Why I Feel Lonely Around Other People
Typically, when you think about someone feeling lonely, you picture them isolated with little contact with anyone. Maybe they’re living on their own and don’t often have social experiences with others. We humans are wired to socialize; it brings us enjoyment, offers us support and a feeling of love. But what if you have all of this in your life, but still feel lonely?
I want to talk about a different type of loneliness — one that isn’t spoken about that much. One that could be seen as the complete opposite to the way I’ve described above.
There have been times I’ve tried to tell people I feel lonely. It’s usually met with comments like, “How can you be? Look at how many people you have around you.” I find it hard to admit I’m lonely, but I say the same kind of comments to myself. I think, “Look around you; you’re surrounded by meaningful people.” I live in a shared house with my best friends. I have a big family and have a lot of friends, so how can I feel like this?
At this point, I try to remind myself that what I’m feeling is a different kind of loneliness.
I can be surrounded by people but I can still feel lonely and isolated. This is in no way a reflection on those around me; it’s a deeper feeling within, one that is difficult to explain and be understood. I am so grateful to have everyone around me, but these issues stem from my own self-confidence and can be heavily related to my mental health conditions.
Trying to understand why I have these feelings at times has been extremely difficult. I’ve also struggled to figure out what the best way is to try to improve how I feel. Throughout my life, I admit I’ve tried to avoid spending time alone as much as possible. Maybe this has come at a cost to my well-being, but for me, it worked for a long time. Now that I’m becoming a lot more self-aware, I can see that for me to live a healthy life, I need to be comfortable on my own.
For as long as I can remember, I’ve had a lack of understanding of who I am, including who I am in different situations. And at times I’m unsure of how I even feel altogether. I’m now seeing though that this is just me, and that’s how my mental health difficulties can take control.
My self-confidence, overthinking and black and white thoughts all impact my well-being at times, and in turn can leave me feeling lonely.
I’ve heard people say, “I can walk into a room full of people I know and love, but still feel lonely.” This is one small sentence I can relate to heavily. For me, it doesn’t matter how much time I spend with people; I can still feel the intense feelings of loneliness.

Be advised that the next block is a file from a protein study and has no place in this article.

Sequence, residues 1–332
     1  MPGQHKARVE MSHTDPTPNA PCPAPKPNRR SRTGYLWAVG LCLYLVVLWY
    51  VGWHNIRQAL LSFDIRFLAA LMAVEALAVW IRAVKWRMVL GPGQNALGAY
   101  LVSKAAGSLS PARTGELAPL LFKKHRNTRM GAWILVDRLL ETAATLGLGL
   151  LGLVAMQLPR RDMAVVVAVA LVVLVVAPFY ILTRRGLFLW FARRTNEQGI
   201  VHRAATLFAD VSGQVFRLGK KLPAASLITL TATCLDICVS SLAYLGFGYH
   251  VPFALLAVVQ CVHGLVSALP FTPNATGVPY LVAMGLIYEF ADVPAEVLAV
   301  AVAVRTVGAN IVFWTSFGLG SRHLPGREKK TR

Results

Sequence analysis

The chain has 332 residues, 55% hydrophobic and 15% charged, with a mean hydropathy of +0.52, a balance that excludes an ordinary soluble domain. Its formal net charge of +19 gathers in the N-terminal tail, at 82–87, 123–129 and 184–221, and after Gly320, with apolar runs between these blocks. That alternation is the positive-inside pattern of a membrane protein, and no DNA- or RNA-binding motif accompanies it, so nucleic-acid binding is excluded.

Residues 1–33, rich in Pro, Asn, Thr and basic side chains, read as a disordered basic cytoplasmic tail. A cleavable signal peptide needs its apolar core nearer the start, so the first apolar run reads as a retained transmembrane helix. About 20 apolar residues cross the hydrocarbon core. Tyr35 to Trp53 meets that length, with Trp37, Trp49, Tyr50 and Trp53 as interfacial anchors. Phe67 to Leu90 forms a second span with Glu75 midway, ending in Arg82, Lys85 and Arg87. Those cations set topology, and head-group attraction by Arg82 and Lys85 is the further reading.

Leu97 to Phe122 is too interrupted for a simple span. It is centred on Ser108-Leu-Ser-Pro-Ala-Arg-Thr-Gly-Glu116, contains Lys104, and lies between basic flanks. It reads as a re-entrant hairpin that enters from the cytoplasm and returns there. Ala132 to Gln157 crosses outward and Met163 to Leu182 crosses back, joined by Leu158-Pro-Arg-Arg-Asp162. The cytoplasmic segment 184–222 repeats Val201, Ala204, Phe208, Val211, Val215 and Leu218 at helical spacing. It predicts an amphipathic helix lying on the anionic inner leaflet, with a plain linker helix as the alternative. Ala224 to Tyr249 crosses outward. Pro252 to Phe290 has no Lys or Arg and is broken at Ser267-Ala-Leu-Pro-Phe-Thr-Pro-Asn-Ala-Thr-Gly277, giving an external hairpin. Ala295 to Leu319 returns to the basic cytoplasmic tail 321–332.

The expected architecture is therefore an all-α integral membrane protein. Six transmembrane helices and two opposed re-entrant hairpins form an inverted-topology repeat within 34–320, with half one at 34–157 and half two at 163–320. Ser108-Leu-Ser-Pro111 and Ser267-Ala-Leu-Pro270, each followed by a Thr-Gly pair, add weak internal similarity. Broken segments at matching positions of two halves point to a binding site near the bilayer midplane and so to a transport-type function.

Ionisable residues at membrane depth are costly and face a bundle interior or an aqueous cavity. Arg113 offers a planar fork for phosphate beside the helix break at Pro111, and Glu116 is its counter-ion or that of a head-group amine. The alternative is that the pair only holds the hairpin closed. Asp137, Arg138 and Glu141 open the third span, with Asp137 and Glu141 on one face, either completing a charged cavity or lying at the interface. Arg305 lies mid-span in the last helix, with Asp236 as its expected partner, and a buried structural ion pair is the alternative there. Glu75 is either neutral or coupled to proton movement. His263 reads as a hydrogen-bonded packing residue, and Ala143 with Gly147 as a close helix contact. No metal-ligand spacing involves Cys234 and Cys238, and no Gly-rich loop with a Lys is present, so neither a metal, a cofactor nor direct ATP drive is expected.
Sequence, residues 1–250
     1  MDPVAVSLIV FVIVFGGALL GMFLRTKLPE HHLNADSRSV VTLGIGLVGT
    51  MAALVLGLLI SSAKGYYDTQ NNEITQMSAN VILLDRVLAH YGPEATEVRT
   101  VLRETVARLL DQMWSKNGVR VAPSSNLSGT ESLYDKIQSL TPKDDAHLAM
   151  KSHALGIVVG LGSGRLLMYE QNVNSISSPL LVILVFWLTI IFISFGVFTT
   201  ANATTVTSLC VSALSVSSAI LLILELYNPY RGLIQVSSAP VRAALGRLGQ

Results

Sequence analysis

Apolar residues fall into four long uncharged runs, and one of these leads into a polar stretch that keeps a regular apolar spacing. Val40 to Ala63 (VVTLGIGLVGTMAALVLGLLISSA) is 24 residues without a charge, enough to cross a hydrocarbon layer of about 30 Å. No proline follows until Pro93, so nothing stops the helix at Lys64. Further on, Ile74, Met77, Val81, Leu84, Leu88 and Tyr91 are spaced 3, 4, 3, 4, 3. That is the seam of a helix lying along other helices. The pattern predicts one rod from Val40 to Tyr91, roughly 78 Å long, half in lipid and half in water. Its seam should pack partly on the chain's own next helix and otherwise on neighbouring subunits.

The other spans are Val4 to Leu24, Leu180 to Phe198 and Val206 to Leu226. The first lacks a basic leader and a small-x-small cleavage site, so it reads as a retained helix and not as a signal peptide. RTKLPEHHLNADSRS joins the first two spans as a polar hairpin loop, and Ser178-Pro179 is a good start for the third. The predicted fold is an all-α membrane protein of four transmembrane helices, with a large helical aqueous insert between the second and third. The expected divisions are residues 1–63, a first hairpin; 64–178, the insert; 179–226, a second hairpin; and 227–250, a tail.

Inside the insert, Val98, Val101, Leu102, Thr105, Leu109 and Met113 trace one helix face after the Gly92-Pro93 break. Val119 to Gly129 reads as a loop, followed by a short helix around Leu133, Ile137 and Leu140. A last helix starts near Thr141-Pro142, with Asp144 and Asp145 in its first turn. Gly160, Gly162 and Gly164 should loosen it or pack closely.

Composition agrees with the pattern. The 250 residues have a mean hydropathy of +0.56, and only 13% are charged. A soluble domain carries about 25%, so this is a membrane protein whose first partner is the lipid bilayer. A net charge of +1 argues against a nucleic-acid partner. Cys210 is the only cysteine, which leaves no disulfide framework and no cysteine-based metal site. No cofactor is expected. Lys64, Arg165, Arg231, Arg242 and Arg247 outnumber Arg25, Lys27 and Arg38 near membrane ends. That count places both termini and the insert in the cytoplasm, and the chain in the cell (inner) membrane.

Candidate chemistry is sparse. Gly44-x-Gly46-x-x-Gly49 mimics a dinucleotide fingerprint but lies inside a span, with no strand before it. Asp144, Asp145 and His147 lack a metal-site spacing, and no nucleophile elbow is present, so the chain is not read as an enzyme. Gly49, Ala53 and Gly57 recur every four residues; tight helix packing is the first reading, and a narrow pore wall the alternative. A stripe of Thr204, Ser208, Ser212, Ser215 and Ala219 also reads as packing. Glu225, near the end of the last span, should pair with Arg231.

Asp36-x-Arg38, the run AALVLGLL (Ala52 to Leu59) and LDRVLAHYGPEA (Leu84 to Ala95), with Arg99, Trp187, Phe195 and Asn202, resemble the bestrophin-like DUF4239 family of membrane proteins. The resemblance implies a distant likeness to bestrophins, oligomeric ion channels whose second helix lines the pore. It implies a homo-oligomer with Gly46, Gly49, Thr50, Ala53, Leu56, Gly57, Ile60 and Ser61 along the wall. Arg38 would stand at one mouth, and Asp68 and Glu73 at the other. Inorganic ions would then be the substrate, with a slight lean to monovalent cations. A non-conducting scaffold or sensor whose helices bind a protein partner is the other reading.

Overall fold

To be able to try to improve how I feel, I think it’s really important for me to continue working on areas like my self-confidence, self-esteem and slowly building myself up overall. If I can continue to improve in these areas, I have hope that the feelings of loneliness could slowly reduce.
I’m learning these feelings will not be fixed by spending more time with people, but by understanding myself more. My loneliness stems from nobody but me, and I think the reason I feel this way is because I don’t have a clear sense of myself.
I’m realizing I need to shift the focus of my loneliness more on myself. I want to continue to get to know myself more, become more comfortable with myself, and slowly improve the way I feel about myself. I know I can’t put a time limit on this — my recovery has been slower than I would have wanted — but things are changing and that’s the positive I can take from this.
I know I will continue to experience the feeling of loneliness amongst others, which is a common characteristic of my mental health conditions. However, even though I may not be able to remove those feelings completely, I can work on them to improve myself.
These feelings will fluctuate throughout my life, but by investing my time into bringing myself out of the difficult times, with the support from the ones I love and professionals, I’m hopeful I will be able to control the intensity of these feelings.
I wanted to write this post to try to open up the thought that even those who have an abundance of people around them can still feel lonely. You can never judge anyone on face value. If someone tells you they’re feeling lonely, listen. Give them the opportunity to explain how they feel. If they’re trying to open up to you, they probably trust you and respect your support.
Remember: what you see on the outside isn’t always what’s going on in the inside.
Be sensitive, be kind and be understanding.
Follow this journey on the author’s blog.
Photo by Tegan Mierle on Unsplash